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Recently, I have been studying kanji seriously. I just learned the compositions 成り立ち of kanji. There is a 成り立ち that confuses me a lot. My text book says 池 is a kanji categorized as 形声文字 (kanji composed with 音記号(音符) and 意符. 音記号 of 池 is 也, but 也 itself is read ヤ not チ(onyomi of 池)or いけ. How come this kanji 池 is read チ(音). Is 音読み and reading of 音記号 are completely different things? However, is there a possibility that my textbook (my professor's hand-made book) is wrong.

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    This in the Chinese forum may have some relevance.
    – aguijonazo
    Dec 14, 2021 at 15:46
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    Both China and Japan have a long history, and the way their characters are read has changed over the years. Just because a character is phono-semantic (形声文字) does not mean its original reading is still preserved everywhere. Nevertheless, generally speaking, the connection between the on-reading and the phonetic component of a phono-semantic kanji is (still) obvious in many cases.
    – naruto
    Dec 15, 2021 at 0:54

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The answer is clearer if we look at how they may have been pronounced in Old Chinese.

    • (Baxter–Sagart): /*Cə.lraj/
    • (Zhengzhang): /*l'al/
    • (Baxter–Sagart): /*lAjʔ/
    • (Zhengzhang): /*laːlʔ/

(Baxter-Sagart refers to one set of reconstructions, specifically the one in this book.)

Now, reconstructions are necessarily based on incomplete information, and so you can see that the two reconstructions don't agree on what the initial or final of 池 and 也 actually are. However, both of them agree that the two characters were certainly pronounced more similar to each other than in modern Chinese varieties.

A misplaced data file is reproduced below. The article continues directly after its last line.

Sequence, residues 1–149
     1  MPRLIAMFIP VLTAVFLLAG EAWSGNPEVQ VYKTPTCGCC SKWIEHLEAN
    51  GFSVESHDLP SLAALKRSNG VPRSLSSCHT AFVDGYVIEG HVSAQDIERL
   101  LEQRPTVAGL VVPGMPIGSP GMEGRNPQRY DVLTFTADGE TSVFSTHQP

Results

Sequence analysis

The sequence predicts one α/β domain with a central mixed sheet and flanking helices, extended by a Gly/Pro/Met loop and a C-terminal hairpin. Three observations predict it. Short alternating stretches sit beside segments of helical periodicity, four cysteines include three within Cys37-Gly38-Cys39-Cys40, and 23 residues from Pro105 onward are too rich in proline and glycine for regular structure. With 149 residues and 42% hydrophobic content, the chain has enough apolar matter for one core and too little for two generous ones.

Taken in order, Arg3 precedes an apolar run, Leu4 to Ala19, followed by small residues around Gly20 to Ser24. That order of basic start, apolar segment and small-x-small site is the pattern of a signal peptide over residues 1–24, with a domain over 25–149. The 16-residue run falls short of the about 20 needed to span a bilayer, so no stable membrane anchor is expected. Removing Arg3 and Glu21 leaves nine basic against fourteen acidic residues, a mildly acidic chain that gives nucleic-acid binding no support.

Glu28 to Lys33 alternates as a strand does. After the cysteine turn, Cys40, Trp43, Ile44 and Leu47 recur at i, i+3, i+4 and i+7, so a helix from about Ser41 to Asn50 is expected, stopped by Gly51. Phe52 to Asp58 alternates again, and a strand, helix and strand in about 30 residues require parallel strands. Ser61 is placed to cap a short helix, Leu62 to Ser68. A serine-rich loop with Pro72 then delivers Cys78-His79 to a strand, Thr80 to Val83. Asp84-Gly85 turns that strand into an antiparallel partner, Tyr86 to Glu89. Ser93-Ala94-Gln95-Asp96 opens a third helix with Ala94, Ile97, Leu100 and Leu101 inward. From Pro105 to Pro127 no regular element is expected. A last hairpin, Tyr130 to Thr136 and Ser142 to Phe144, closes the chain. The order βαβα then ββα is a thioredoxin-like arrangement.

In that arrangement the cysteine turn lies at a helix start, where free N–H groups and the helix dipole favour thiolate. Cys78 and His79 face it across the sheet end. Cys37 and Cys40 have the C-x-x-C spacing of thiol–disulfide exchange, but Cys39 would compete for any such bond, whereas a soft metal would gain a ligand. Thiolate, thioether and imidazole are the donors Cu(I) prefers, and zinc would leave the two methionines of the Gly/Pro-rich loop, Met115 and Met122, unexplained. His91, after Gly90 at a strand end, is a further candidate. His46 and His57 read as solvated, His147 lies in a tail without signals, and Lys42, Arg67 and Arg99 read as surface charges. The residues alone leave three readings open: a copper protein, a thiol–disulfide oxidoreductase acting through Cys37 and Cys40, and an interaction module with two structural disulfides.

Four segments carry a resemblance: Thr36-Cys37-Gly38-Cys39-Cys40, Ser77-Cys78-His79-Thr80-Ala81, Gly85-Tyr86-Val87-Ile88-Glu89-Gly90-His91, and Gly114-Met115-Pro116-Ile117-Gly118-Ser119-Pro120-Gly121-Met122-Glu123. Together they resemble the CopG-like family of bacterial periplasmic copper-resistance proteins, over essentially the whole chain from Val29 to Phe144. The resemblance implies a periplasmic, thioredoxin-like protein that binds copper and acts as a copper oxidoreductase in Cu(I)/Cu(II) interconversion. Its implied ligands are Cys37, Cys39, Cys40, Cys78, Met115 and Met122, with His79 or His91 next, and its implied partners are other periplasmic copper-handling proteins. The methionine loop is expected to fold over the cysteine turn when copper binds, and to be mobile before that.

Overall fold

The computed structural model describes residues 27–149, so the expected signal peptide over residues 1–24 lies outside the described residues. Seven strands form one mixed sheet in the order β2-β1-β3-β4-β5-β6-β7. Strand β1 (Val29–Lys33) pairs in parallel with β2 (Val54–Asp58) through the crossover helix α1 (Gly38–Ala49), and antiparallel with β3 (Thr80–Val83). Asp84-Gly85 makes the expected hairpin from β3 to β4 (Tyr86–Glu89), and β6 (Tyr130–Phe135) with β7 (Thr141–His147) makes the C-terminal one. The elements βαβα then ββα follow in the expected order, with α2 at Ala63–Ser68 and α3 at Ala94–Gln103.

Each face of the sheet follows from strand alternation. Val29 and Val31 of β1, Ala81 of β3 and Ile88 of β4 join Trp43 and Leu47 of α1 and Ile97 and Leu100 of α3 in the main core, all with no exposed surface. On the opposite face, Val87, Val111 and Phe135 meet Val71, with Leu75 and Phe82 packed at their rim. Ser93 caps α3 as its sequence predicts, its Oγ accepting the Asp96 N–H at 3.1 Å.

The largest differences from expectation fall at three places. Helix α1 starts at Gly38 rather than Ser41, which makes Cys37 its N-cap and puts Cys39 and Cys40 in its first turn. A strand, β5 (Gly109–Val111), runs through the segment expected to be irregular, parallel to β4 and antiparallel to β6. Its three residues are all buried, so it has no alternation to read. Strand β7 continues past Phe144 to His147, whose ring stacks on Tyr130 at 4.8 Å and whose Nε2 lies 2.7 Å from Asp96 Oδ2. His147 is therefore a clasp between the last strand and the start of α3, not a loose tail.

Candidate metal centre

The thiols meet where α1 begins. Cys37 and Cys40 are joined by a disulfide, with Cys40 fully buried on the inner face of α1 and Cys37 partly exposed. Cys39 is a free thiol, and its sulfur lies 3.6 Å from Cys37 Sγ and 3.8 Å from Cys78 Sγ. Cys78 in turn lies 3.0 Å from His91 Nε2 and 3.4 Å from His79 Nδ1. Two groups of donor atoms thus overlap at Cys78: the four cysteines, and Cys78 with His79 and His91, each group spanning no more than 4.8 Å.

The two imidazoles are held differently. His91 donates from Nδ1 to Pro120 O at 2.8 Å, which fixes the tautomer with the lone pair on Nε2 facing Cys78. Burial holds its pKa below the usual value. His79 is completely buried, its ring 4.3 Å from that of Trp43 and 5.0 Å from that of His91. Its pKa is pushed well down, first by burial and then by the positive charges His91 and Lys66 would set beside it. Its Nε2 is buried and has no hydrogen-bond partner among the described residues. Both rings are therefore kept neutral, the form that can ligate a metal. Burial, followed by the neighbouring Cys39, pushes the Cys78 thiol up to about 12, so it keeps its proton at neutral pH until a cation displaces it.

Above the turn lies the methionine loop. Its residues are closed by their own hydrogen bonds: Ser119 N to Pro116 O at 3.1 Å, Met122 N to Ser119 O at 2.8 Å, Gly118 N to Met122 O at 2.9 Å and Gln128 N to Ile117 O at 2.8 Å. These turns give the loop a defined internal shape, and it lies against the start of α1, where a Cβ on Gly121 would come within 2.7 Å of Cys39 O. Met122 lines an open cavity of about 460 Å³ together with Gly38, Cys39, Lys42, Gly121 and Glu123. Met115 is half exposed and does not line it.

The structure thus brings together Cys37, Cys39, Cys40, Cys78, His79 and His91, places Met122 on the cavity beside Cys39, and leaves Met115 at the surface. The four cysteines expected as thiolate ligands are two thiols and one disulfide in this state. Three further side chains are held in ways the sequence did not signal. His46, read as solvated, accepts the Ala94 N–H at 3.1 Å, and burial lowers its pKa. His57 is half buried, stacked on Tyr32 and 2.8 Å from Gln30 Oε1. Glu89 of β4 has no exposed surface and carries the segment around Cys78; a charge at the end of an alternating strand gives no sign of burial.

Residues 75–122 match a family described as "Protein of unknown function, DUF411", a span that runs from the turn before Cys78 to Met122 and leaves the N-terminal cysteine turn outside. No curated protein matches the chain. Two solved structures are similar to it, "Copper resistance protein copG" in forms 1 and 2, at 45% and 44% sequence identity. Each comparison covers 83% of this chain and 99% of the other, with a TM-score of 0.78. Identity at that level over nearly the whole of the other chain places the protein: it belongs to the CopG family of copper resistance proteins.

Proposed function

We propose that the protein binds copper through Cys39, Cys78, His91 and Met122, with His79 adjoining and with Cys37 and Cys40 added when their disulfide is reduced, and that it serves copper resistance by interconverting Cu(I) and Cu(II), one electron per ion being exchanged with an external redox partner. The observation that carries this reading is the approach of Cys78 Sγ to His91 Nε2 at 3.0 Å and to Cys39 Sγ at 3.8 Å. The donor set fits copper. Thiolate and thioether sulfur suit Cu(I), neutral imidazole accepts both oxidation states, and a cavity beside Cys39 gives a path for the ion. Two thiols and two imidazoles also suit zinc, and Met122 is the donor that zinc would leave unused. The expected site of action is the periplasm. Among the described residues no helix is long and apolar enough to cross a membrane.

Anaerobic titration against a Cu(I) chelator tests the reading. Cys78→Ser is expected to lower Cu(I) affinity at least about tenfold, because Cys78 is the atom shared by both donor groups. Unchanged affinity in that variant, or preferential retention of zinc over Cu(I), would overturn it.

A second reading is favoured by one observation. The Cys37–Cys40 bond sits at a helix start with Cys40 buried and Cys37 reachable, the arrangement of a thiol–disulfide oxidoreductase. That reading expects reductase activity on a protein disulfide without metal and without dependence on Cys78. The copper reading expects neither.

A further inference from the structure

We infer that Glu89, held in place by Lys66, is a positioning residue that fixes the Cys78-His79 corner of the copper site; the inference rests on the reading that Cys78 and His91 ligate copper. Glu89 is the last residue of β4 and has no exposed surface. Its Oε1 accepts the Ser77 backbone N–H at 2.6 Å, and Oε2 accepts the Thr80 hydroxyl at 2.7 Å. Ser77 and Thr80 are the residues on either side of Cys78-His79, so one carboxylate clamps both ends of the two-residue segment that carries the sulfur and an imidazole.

You can see that 池 ended up diverging from 也 in pronunciation starting from Middle Chinese because of a difference in articulation in the initial (either a sesquisyllable in Baxter-Sagart, or a pharyngealised initial in Zhengzhang's reconstruction).

In summary, you can see that while 也 is not a meaningful phonetic component from the point of view of modern Chinese dialects or Sino-Japanese readings, they were much closer to each other in Old Chinese.

(PS: Your question also applies to 地, which is certainly more similar to 池, but also raises the similar question of why it has a phonetic 也. The answer is the same as above.)

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    Yeah, the relevant time for when it sounded the same is thousands of years ago... As far as categorization is concerned.
    – Leebo
    Dec 15, 2021 at 0:45
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While the history of Japanese characters being imported from Chinese is relevant, it is probably more useful to focus on how Japanese is classified now.

Kanji characters are usually categorized into 4 types, as follows:

  • Pictograms (象形文字) like 門
  • Ideograms (指示文字) like 二 or 三
  • Compound ideograms (会意文字) like 明
  • Phonetic-ideographic characters (形成文字) like 池
    (There are 2 other categories but they are somewhat rare. )

The phonetic-ideographic characters contain a component that sometimes gives a clue to the pronunciation of the character. For example, you will find that the component 昜 sometimes appears on the right side of a kanji. As you can see here, it usually carries the pronunciation of ヨウ. But not always. Therefore, as a learner you can't rely on specific components always being pronounced a certain way. Kanji evolved in a very unorthodox way, meaning that learners are better served by developing an awareness of the components, but not relying on them to provide solid rules about meaning or pronunciation.

If you want to check the category of any joyo kanji, try this site: https://www.kanjidatabase.com/kanji_search.php and select 'Look Up Kanji' and then tick 'Kanji Classification'. Don't let this derail your learning process - it is more relevant in academic discussions, although it can have implications for learners.

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